One element that comes through as remarkably similiar through the men regardless of the war natinoality or even level of education is the similarity of the thoughts. Very few get jingoistic about 'gave my life for the cause.' Instead most talk about the hope they have not caused too much pain by their loss or the hope they will be remembered fondly or that their finest momments have been with their family. It is very intimate and one cannot help but feel like an interloper, but at the same time you are grateful for the chance to know, even in a small way, the soldiers who wrote the letters and feel the sense of loss at their untimely deaths.

In the end this is not an easy book to read, but it is a very powerful book, looking at those men in uniform which gave the last full measure of devotion, whom Kipling so well described as "most remarkable like you."
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5.0 out of 5 stars touching 13 April 2012
I was expecting this book to be a lot of letters from the 1st and 2nd world wars, but it isn't. It goes from Napoleonic wars to present day, and it carries the story behind the conflicts, and then a bit about the individual writer of the letter. The most touching one for me was finding out one of the letter writers was from my town.
The letters are full of worries for the family left behind, and for some a real urge to younger siblings/family members not to follow them into war if they can help it, it really is not all it is cracked up to be. They talk about the conditions they are living in, and what provisions they have made for family. I suppose due to their ages, majority are written to mum.
They are farewell letters/wills.
I really found it quite touching and could not read it all in one go.
Having some background to the conflicts and the individuals was actually, in my opinion, much better than pages and pages of letters.
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5.0 out of 5 stars An unexpected pleasure 5 May 2012
By judy
Format:Hardcover|Verified Purchase
I ordered this book after hearing about it on a TV interview. It appealed to me as I was researching bereavement reactions. The book surpassed my expectations as the historical references accompanying the letters added to the stories each chapter contained. Don't be put off by the sadness of the letters - it is history and events told incredibly well by those who didn't come home and discovered by the author.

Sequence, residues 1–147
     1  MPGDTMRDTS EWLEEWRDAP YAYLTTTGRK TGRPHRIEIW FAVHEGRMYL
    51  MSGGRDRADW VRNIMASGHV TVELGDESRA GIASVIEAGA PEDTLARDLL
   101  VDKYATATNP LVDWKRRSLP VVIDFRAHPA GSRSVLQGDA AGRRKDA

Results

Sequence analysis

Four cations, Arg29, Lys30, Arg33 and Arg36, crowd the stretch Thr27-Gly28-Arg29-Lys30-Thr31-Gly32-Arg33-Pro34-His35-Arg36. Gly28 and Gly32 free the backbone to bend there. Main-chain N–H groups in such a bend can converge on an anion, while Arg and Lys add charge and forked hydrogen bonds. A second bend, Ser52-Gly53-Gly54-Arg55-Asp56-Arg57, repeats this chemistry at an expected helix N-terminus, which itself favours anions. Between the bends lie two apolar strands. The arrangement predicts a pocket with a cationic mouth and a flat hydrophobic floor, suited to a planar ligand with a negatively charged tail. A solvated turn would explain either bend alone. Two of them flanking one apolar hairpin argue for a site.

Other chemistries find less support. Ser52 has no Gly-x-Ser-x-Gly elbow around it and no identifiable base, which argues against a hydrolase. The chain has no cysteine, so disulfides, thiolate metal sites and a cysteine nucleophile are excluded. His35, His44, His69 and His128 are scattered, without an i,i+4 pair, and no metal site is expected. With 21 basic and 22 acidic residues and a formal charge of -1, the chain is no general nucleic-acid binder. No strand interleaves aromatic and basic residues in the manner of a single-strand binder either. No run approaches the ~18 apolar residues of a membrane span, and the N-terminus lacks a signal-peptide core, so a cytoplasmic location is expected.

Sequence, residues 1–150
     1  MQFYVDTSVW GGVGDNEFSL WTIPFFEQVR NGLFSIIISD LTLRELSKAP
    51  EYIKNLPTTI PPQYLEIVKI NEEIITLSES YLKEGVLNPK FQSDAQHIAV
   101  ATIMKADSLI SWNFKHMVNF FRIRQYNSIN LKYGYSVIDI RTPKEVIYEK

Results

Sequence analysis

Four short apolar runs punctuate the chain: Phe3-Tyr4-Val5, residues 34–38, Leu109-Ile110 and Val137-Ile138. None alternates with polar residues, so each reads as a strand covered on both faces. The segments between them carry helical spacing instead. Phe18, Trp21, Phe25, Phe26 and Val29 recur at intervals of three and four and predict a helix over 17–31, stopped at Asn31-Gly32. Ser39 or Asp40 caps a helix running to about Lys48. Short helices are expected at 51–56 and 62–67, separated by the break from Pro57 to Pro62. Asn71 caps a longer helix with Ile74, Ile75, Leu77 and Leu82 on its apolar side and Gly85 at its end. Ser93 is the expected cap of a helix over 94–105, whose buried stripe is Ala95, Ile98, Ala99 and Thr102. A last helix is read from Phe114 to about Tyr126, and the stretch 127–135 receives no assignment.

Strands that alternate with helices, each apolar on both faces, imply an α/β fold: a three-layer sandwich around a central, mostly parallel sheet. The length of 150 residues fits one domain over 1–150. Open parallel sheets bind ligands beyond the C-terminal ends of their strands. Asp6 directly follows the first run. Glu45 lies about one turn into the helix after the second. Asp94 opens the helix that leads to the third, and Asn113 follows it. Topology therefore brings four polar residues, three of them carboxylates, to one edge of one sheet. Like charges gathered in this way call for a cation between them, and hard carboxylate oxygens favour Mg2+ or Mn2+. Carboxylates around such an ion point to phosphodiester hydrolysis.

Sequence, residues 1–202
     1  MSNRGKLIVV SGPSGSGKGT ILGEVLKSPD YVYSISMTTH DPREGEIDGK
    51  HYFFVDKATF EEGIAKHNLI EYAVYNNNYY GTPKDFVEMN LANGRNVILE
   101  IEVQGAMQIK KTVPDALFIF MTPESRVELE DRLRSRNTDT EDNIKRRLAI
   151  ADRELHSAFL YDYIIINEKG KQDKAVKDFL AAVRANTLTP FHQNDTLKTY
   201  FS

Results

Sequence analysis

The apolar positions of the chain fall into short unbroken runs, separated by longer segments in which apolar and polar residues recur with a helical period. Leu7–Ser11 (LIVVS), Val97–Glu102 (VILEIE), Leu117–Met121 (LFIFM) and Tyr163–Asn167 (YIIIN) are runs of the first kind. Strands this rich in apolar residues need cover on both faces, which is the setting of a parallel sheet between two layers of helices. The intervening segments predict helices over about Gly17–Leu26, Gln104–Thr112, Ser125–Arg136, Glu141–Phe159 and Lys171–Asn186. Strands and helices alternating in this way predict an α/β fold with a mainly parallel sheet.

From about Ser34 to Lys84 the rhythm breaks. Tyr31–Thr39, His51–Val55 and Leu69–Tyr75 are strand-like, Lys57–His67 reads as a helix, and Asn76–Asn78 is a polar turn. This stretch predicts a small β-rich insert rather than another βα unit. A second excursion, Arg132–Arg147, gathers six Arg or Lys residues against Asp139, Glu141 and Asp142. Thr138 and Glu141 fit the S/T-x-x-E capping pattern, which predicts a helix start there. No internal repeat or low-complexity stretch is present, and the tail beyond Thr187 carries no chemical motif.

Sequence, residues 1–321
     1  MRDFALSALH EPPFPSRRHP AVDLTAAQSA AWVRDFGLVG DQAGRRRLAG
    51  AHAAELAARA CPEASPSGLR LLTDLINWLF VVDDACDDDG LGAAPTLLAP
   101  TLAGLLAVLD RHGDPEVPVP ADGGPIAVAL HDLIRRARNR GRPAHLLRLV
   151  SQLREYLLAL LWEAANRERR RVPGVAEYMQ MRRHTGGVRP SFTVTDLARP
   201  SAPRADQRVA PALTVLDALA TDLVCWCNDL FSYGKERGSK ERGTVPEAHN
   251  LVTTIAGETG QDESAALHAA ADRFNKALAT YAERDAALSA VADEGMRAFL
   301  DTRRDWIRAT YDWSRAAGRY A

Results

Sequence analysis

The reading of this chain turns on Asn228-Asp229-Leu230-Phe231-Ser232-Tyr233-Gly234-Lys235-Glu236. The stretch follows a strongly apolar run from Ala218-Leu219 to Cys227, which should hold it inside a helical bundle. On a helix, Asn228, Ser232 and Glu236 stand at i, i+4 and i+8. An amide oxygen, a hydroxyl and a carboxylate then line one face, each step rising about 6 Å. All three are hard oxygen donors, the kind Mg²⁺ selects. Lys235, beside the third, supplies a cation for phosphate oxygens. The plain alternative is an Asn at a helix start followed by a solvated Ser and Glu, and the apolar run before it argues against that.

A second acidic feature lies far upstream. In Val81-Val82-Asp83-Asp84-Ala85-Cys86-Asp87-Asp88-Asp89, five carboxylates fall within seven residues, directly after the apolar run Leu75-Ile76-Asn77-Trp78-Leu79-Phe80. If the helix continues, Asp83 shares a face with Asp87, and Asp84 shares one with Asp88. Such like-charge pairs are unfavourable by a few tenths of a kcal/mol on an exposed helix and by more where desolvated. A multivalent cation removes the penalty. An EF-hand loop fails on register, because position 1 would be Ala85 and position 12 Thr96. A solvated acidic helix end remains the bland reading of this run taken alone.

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1 of 2 people found the following review helpful
5.0 out of 5 stars a wonderful read 8 July 2012
A wonderful read and insight into the touching and heartful stories of conflict.

Written to keep the readed engrossed in the human side of conflict. I learnt so much about many instances throughout the years, whilst warming to the personal side .
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3 of 6 people found the following review helpful
2.0 out of 5 stars Half the book it could it have been 23 July 2013
By Mike Watkinson TOP 500 REVIEWER
The structure of the book is straightforward enough - to each conflict a chapter, each chapter in two sections. The second half of each chapter is where the book works best; a series of short bio's of soldiers, along with lengthy quotes from various letters they wrote. The first section is less satisfactory. Broken down further by sub-headings, such as "A Soldiers Lot: Daily Slog & Hardships", facts given are sometimes somewhat random & rather disconnected from their sub-headings, quotes from letters are often only a sentence at a time and/or lack any sort of context or proper explanation. Thus on one page, we are told First Lieutenant Hennah wrote to the widow of George Duff. It is only on the next that we meet Captain George Duff of HMS Mars, presumably the same George Duff & presumably Hennah's Captain!